Fiona Walker-Craven achieves her book's stated goal. This book will help to train you to develop your own magical craft. You will not find endless recipes for potions, pre-written incantations, or elaborate instructions for spells or rituals. Instead, you will be guided to experience the fundamental characteristics of each moon of the year, and explore what it means to you, how you will live it day-to-day, and how you will celebrate it. This is a book of personal magic, and even though it's for the beginner, this book should prove rewarding to just about anyone.

I have read and been disappointed with many well-regarded books for the novice witch, the typical commercially available variants of Wicca. Wicca: A Guide for the Solitary Practitioner by Scott Cunningham, Hedge Witch: A Guide to Solitary Witchcraft by Rae Beth, Grimoire for the Green Witch by Anne Moura, and A Witch Alone: Thirteen Moons to Master Natural Magic by Marian Green. None of them has felt as right to me, personally, as this book. I don’t know why, but Fiona’s style just feels like I'm having a forthright conversation with a serious practitioner who is giving me the best and most direct instruction she knows how. I appreciate that so much. And the best thing is, I can go back and look at it over and over again. That's not to say that the book is perfect. There are aspects of it I find challenging to my personal beliefs. But the gems far outweigh the occasional raised eyebrow, for me.

I looked for this book for a long time before I finally got it. I'm not saying it's the be all and end all. But it's a damn fine book. I hope you find it cheaper than I did...but this in the book made me smile: 'When you do find the perfect items that look and feel right, be prepared to pay whatever it takes to get them.' How did she know? ;)

This book is out of print and hard to find. The copy I found promptly fell apart as soon as I started reading it. I have solved that by dismantling the book and reassembling it in an A5 ring binder, with each page now preserved in acid-free pockets. I actually prefer it this way, because now it lies flat, is protected from spills, and allows me to add my own notes, recipes, photographs, etc, very easily. I am confident this book will be a resource that I will refer to regularly every moon of every year, for many years to come. I am grateful to have found it, and I highly recommend you seek it out.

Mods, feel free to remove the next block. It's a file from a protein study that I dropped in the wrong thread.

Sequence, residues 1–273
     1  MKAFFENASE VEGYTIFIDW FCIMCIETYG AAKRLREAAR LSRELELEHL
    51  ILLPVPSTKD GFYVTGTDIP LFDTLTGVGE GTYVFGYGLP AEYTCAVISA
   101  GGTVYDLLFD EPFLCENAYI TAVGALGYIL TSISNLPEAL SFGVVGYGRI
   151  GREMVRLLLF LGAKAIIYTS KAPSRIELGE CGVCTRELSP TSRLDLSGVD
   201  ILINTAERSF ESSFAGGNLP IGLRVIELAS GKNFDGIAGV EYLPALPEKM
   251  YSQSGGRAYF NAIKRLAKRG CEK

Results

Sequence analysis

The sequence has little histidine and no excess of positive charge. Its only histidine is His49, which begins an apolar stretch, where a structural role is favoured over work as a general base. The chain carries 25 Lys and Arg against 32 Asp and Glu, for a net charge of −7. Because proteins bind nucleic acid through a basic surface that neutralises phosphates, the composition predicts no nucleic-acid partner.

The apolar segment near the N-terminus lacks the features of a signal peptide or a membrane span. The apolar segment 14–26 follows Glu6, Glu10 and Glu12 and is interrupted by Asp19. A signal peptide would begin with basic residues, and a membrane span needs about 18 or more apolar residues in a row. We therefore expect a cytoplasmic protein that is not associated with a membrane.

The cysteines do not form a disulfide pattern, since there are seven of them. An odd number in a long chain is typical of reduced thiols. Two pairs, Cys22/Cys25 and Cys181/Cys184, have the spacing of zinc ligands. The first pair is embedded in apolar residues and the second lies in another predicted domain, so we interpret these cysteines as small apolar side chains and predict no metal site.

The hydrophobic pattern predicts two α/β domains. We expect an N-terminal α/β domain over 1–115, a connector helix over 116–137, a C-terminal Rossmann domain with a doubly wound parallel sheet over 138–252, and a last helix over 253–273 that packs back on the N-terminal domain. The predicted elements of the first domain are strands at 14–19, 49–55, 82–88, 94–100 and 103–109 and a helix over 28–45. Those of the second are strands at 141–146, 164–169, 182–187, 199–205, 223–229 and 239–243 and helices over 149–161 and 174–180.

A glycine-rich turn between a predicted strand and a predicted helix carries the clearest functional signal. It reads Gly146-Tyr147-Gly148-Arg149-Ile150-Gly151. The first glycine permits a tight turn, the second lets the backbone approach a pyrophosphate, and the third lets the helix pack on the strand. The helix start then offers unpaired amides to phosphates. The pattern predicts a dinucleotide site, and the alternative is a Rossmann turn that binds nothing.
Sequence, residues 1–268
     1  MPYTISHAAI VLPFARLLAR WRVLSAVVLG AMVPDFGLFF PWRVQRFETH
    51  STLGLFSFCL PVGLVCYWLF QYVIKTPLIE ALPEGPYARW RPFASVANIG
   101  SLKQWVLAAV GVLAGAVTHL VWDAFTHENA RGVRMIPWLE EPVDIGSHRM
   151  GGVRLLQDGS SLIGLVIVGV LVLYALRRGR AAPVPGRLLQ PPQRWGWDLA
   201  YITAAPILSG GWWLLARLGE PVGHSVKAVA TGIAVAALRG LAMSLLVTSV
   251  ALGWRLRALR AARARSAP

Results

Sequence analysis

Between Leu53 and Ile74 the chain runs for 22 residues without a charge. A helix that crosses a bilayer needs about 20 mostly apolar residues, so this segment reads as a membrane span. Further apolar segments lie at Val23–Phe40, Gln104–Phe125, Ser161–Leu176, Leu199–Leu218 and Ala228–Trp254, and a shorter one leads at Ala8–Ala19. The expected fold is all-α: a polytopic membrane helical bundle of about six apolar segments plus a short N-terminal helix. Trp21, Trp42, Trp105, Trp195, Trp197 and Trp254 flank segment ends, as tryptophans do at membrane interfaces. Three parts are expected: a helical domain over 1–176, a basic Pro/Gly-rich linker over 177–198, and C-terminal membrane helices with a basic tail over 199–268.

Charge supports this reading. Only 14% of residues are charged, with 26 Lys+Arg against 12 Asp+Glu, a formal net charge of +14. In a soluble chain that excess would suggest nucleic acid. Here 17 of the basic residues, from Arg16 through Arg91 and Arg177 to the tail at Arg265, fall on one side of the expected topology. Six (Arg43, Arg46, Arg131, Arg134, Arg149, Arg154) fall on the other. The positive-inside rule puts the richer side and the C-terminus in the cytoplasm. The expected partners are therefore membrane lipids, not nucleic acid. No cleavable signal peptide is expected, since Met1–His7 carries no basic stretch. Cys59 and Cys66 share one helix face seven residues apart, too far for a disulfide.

Glad you are enjoying the book Carla. The binding, or quality of it, has come up before as a cause for complaint.

I also enjoy her frank style and matter of fact way of writing. Even though I don't follow a typical path of witchcraft, much of what she writes resonates. Most of it comes down to common sense, learning, following your nose, being true etc. All the rest of the trappings and terminology are interchangeable really.


Well, I sought the book for so long, I thought people might be interested in what's in it.


Thank you so much for posting all this. I too would really like to own this book. It is not available at any library in my entire state :-( I'm going to have to see if I can get one of the libraries I frequent, to put in an out of state request.

I wish it were legal to scan and distribute OOP books.


So glad you found it, Carla!

I have been watching for a copy I can afford here in the U.S. Like you, I too have been disappointed in many witchy tomes. I know we have had this discussion. Because I haven't found my niche in the books I've seen, I've chosen to think of myself as a Wise Woman in Training :). But a rose by any other name....




Only hope

is finding at a garage or used book sale! I hope someday I will just come across one!


Thanks for the link, Milfoil.

This book is still on my wishlist but no way can I justify spending that amount of money on a 2nd hand book. :)